And so, the rest of the chapter drives that home as well–Long and short exhibit each other. High and low set measure to each other. Voice and sound harmonize each other. Back and front follow each other—there is nothing that is measured as good or desirable or preferable without the things that exist that are not good, that are not desirable, that are not preferable because it is those opposites that create your potentially pleasurable existence and thus, [I have my mouth pad here] this Yin Yang is the symbol of Taoism and is basically what Chapter 2 is talking about. In that, you know everybody strives for the Yang in life but the Yin help sets it and helps create the Yang in existence so everything must be appreciated. The downtimes in your life offset the good times, in that they create the relativity that allows you to enjoy the good times as good and so you must cherish them also, the bad times or the lesser than good times and accept them both as reality. And if you can see the world in that way, you can see the bad times also as good times also as the beauty of the entire universe; the beauty of everything, the beauty of your entire existence includes the bad times. But the other meaning inside these first two lines “when all the world recognizes beauty as beauty, this in itself is ugliness” and this is driving home the first point that in Chapter 1 when we discussed about mindfulness and judgment that when you’re seeing beauty as beauty, when you are judging beauty as beauty—this is ugly. This is the mind passing judgment on existence.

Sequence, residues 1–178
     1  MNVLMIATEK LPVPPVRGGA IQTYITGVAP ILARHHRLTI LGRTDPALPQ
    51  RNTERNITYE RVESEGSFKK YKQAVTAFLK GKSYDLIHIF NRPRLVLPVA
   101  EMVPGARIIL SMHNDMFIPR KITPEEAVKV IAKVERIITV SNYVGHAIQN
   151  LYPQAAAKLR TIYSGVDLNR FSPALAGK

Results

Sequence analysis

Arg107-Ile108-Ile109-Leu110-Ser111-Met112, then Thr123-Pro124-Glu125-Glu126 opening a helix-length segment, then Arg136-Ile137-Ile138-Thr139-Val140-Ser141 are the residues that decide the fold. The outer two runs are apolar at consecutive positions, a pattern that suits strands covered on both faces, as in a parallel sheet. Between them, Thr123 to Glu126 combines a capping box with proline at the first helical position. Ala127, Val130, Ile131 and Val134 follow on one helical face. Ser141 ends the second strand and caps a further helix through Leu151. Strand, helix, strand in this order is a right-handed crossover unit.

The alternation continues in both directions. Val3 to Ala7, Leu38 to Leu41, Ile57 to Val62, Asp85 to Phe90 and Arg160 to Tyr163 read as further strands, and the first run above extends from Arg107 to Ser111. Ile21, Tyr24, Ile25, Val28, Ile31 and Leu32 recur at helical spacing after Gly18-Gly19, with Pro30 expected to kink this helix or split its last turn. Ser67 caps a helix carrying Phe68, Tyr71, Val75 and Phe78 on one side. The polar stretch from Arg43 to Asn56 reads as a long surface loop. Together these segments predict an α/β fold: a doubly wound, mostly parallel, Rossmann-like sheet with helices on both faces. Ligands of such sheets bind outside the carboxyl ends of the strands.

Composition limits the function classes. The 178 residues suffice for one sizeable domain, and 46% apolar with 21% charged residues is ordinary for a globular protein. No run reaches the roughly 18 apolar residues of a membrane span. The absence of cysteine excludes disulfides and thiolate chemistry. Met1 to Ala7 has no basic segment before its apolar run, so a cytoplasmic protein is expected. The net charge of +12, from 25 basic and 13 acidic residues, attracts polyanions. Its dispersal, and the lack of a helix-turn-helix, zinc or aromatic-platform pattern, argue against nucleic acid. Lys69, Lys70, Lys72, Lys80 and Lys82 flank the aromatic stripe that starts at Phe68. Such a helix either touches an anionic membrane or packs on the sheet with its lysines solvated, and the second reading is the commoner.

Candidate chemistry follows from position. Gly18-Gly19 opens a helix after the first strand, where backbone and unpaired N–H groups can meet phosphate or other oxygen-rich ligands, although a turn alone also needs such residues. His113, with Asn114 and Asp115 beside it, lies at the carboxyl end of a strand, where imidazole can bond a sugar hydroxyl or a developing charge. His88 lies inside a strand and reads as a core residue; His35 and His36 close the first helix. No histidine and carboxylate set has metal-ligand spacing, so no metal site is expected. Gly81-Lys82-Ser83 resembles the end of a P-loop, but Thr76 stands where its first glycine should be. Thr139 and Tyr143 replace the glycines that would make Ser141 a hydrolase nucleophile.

The second line, “When all the world recognizes good as good—this in itself is evil”. There’s second meaning to this if you look deeper into it that says: When you are judging good as good, this is evil because you are then ignoring the other than good that allows the good to occur so it’s kind of a catch 22 as many paradoxes exist in spirituality in general, you know, but even if you like Christianity, I mean, Alpha and the Omega, this is recognizing two sides of the coin. Again, going back to the Yin and Yang symbol that both good and bad, tall and short, high and low must exist for all of it to exist. And so, the lesson I think in Chapter 2 that we need to take away to from is again, one of a mindlessness or mind focus on everything is beauty and all parts of existence are as they are. And so in the latter portion of this chapter, therefor the Sage manages his affairs without ado. Therefor the Sage, the person who understands this goes on about his life without having to judge, without having to connect to the ideas, the attachment of ideas that state “these things are good, these things are bad,” everything is as it is and all is beautiful, all is great. All actions and events are wonderful because whether you are judging them or not they both exist in the reality and they allow, even if they’re not as good, they allow the good things to be set apart. And he spreads his teaching without talking, and again this goes to not thinking, not using words, the Tao reality deemed well beyond words and the ability of words to explain but the Sage teaches his lessons without talking, he teaches his lessons through action and through level even field existence.